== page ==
A group of expats and others are seeking to create a sustained effort to halt the growing number of zika virus cases in the Jacó area. The outbreak threatens the World Surfing Games and the $36 million it is expected to bring to the local tourism economy, they said.
Robert Sinclair, representing the expat effort, said Wednesday that not enough resources are being directed to stem the epidemic.
Meanwhile, the Ministerio de Salud reported that 31 cases of zika have been confirmed in the canton of Garabito where the central Pacific community of Jaco is located. One case is that of a women in her 25th week of pregnancy, the ministry said.
The canton also suffered from 367 cases of chikungunya and 465 cases of dengue already this year, ministry statistics show. The three diseases are spread by the same Aedes aegypti mosquito.
Sinclair said that he and fellow expats attended a meeting Tuesday with Rodrigo Marín Rodríguez, the national coordinator of disease-spreading organisms. Sinclair said that the epidemiologist said that existing resources and efforts are insufficient.
So the residents are trying to enlist volunteers to join the campaign. “The Jaco community needs to get behind a sustained effort to stop this advancing pandemic,” Sinclair said. “Unchecked, the impact of the zika virus on local and national tourism could be devastating if one considers the downturn in Rio Olympics tourist attendance.”
The games are supposed to be in August with thousands expected to attend.
Sinclair said that he and his associates were using social media to develop a sustainable program to eradicate the spread of the zika virus in the Jaco area and address the immediate need for protecting participants and the expected 100,000 visitors to the surfing games. He said that the group provided food and water to the zika response team Wednesday morning.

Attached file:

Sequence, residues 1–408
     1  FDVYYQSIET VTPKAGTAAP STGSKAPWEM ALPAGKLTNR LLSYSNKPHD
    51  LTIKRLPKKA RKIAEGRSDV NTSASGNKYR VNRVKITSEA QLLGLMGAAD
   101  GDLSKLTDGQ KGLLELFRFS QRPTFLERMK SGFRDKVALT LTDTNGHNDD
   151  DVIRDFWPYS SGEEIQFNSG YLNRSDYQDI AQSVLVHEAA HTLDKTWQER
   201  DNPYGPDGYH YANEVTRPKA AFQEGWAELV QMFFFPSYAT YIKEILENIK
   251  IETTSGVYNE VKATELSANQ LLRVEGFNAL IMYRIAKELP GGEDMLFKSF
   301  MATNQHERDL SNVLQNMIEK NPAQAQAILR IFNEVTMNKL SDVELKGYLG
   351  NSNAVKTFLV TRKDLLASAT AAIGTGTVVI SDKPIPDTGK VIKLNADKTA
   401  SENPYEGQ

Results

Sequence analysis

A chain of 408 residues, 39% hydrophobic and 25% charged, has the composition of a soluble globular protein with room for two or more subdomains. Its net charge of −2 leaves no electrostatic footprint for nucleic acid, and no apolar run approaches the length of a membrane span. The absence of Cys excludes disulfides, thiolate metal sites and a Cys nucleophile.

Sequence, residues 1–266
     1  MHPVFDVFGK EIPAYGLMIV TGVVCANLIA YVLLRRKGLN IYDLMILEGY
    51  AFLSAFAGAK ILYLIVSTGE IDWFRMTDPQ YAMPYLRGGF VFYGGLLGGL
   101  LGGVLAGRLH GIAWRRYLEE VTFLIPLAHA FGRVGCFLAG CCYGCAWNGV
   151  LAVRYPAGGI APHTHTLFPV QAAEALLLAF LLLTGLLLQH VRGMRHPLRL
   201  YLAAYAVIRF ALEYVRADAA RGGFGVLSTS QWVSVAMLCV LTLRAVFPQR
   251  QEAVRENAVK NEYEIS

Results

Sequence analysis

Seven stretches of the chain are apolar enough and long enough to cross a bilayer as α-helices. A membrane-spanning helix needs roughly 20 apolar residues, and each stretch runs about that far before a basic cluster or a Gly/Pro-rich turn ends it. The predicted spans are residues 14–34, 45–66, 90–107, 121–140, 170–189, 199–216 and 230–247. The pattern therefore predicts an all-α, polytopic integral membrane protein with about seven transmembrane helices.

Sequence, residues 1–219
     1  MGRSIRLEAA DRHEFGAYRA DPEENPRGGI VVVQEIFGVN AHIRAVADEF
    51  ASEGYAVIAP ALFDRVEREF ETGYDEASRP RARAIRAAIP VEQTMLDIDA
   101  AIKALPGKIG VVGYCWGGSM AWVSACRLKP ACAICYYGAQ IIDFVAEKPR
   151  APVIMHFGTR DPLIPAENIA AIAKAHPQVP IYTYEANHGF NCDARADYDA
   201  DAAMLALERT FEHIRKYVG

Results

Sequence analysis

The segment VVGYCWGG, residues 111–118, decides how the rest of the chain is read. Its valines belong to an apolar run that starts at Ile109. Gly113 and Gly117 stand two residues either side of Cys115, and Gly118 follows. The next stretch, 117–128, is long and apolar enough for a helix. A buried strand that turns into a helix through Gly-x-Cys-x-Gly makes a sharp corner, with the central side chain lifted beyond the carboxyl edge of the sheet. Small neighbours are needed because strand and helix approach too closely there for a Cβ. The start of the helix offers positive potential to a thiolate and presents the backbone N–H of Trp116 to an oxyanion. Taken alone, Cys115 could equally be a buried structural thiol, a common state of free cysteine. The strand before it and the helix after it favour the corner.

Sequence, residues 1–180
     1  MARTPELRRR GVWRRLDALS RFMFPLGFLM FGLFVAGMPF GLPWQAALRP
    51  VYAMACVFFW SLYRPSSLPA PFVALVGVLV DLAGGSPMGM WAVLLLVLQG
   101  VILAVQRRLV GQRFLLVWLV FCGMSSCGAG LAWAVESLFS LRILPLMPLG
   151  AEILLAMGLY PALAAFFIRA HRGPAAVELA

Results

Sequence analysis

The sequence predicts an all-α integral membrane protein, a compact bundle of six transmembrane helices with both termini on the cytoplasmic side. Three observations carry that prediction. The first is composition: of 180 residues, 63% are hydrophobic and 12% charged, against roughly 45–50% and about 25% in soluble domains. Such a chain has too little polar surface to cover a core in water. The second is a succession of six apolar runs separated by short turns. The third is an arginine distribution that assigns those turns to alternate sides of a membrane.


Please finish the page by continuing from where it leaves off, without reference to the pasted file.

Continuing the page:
The ministry said that in Garabito alone its
crews visited 5,000 homes and conducted
32,400 separate fumigations. Many homes have been fumigated up to four times. Crews also eliminated or treated 33,000 locations where mosquito larvae could grow into adults, the ministry said. The report Wednesday said that 468 of these locations tested positive for mosquito larvae.
Despite the unusually dry weather this year, mosquitoes seem to have thrived. The ministry reports 1,410 cases of chikungunya and 6,660 cases of dengue already this year. The bulk of the cases are in 16 cantons.
Throughout the country, the health ministry said that crews visited more than 304,000 homes and eliminated more than 12,000 breeding spots that tested positive to larvae.
Garabito has the most cases of zika in the country and is second after Abangares for the number of chikungunya cases. The canton ranks eighth in dengue cases after Atenas, Parrita, Nandayure, Osa, Aguirre, Alajuela Centro and Cañas.
Other cantons with zika cases are Nicoya with eight, Carrillo with one and Alajuelita with four. The ministry also said there are seven confirmed zika cases and one probable case that have been imported from other countries.
In Jaco, as A.M. Costa Rica has reported, the bulk of the cases are in the Pueblo Nuevo area.
Marin, the epidemiologist, heads the department that maintains the statistical data base. He is on record calling the Aedes aegypti mosquito the favorite household pet of Costa Ricans.
Sinclair said the physician outlined a campaign to mobilize paid staff and volunteers to help clean up garbage and refuse where the zika-carrying mosquitoes breed and launch an aggressive public awareness program.
Roughly 40 people now from the health ministry are working 12-hour days fumigating, picking up trash and going door-to-door looking for mosquito breeding grounds, Sinclair said the physician reported.
Volunteers will undergo induction and training before going out in the field, Sinclair added.